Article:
Ohio Appeals Court Reinforces a Trial Court’s Ability to Modify Noncompete Agreements
In MetroHealth Sys. v. Khandelwal, 2022-Ohio-77, Ohio’s Eighth District Court of Appeals affirmed a trial court’s modification of a noncompete agreement between a hospital and a physician formerly employed by the hospital. Both courts reasoned that modifying the agreement, rather than striking it, protected the hospital’s interest.
The disputed noncompete agreement provided that the defendant physician, a specialized burn surgeon who had acted as interim director of the plaintiff hospital’s burn center, could not provide similar services within 35 miles of the plaintiff hospital for two years after his termination of employment. The physician resigned and accepted the position of director at a burn center less than 35 miles away. The hospital sued and sought a preliminary injunction to prohibit the physician’s new employment.
Following an evidentiary hearing, the trial court entered an order modifying the scope and duration of the noncompete clause. The trial court held that the physician could immediately begin employment as a surgeon with his new employer. The trial court, however, enjoined him from (1) assuming the role of director for one year, (2) using or transmitting privileged information gained through his previous employment, and (3) personally soliciting or referring any patient from his previous employment for one year. The plaintiff hospital appealed the trial court’s order, seeking to enforce the noncompete clause as written.
Ohio courts will enforce noncompete and nonsolicitation agreements that are reasonable. If a court finds such an agreement unreasonable, it will enforce it only “to the extent necessary to protect an employer’s legitimate interests.” 2022-Ohio-77, ¶12. And, important here as reinforced by this decision, “[c]ourts are empowered to modify or amend employment agreements to achieve such results.” Id.
While Ohio courts disfavor noncompete agreements in the medical profession, they are not per se unreasonable. Rather, courts consider them unreasonable when they impose an undue hardship on the physician and are injurious to the public; the physician’s services are vital to the healthcare and treatment of the public; and the demand for the physician’s medical expertise is critical to the people in the community.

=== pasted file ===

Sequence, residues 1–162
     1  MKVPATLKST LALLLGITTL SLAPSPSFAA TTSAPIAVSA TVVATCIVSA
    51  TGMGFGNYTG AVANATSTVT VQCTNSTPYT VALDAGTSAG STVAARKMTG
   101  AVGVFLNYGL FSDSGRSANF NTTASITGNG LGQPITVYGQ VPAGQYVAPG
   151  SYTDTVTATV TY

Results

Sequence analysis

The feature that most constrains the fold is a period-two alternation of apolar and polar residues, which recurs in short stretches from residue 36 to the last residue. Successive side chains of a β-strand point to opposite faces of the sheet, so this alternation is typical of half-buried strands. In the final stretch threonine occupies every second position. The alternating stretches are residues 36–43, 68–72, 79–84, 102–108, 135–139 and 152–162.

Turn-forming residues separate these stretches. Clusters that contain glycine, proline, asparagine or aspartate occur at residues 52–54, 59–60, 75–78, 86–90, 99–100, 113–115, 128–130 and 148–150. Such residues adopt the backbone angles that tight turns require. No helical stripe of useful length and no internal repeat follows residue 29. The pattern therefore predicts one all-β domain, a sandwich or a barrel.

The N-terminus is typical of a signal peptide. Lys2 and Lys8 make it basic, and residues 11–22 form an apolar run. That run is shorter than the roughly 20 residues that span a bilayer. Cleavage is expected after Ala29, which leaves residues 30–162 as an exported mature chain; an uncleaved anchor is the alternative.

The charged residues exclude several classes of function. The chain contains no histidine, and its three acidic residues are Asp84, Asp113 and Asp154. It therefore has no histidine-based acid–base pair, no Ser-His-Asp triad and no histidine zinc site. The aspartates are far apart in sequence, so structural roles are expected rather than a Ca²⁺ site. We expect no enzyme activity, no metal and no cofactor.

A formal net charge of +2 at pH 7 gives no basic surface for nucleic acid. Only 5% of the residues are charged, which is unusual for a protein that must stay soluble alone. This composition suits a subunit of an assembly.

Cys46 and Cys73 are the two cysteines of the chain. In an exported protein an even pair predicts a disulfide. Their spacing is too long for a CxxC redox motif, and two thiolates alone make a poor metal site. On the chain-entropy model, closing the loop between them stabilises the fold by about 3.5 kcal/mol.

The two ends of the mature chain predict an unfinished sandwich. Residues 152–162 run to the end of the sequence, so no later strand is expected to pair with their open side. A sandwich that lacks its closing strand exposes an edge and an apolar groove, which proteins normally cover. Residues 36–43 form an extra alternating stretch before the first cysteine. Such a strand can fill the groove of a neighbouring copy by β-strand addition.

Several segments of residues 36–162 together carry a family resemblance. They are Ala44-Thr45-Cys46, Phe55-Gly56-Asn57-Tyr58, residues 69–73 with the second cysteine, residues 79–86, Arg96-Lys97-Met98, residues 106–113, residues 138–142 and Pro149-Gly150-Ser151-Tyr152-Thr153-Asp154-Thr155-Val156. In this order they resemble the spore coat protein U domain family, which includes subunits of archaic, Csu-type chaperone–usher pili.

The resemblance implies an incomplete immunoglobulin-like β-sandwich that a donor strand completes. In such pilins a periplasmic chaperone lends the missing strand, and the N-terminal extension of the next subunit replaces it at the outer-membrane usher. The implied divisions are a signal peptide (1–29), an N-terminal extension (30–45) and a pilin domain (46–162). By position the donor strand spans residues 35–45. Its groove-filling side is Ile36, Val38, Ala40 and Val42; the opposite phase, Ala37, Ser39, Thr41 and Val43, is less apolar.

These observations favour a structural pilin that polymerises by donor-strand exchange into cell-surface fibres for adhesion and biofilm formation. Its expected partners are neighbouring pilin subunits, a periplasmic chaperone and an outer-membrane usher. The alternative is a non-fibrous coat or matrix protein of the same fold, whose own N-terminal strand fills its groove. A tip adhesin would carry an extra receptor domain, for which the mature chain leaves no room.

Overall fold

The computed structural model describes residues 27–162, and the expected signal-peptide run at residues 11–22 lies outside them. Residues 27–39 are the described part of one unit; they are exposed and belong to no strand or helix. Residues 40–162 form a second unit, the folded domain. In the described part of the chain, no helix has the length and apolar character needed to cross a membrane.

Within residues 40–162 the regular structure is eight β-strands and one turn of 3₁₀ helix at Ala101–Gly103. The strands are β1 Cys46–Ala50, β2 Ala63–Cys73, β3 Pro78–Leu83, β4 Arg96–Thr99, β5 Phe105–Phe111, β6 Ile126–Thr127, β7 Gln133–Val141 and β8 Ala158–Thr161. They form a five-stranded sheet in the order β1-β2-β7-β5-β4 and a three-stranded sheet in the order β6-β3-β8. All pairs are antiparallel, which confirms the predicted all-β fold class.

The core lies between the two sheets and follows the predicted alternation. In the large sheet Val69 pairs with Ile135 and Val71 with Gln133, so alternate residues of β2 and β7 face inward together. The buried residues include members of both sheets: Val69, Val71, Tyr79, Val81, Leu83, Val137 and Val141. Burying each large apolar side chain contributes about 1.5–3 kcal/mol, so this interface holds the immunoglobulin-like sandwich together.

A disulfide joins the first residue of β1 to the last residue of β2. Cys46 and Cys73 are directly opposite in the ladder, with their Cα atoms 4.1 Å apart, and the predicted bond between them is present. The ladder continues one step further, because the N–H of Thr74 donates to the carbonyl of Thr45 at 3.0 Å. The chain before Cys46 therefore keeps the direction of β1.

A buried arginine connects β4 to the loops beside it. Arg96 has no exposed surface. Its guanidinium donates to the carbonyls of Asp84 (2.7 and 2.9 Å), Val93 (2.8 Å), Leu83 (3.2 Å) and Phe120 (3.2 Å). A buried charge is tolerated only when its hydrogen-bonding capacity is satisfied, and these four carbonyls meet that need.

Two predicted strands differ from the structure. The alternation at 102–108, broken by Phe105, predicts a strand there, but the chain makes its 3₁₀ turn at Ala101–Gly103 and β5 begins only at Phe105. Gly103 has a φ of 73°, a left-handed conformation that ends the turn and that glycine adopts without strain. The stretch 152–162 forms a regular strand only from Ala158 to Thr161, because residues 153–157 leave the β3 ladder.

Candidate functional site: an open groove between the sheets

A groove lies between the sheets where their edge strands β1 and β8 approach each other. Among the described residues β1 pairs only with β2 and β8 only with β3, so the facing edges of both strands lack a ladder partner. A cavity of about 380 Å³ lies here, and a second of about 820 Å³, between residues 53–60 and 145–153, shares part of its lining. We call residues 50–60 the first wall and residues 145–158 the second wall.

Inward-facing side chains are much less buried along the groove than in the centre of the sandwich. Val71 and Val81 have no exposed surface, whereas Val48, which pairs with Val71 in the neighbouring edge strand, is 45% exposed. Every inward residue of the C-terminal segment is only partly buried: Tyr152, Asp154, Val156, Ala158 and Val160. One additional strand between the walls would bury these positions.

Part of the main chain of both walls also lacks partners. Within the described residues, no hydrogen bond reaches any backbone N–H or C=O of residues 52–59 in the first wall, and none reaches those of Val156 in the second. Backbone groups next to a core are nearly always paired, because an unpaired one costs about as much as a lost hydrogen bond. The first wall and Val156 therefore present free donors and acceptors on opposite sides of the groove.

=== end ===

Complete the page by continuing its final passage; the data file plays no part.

In examining whether the agreement was reasonable, the appellate court weighed (1) the plaintiff hospital’s legitimate business interest, (2) whether the physician would endure undue hardship should the court uphold the agreement, and (3) if upholding the agreement would injure the public. While the appellate court agreed that the noncompete agreement’s two-year duration was “more restrictive than necessary,” it affirmed that the plaintiff hospital had a legitimate business interest in protecting the confidential information and any resulting competitive advantage of its burn center. The Court of Appeals upheld the agreement as modified to restrict the physician’s employment as director at his new employer for one year.
This decision highlights to employers the importance of drafting effective noncompete agreements, and serves as reminder that some courts may modify the scope of such agreements if they find them unreasonable.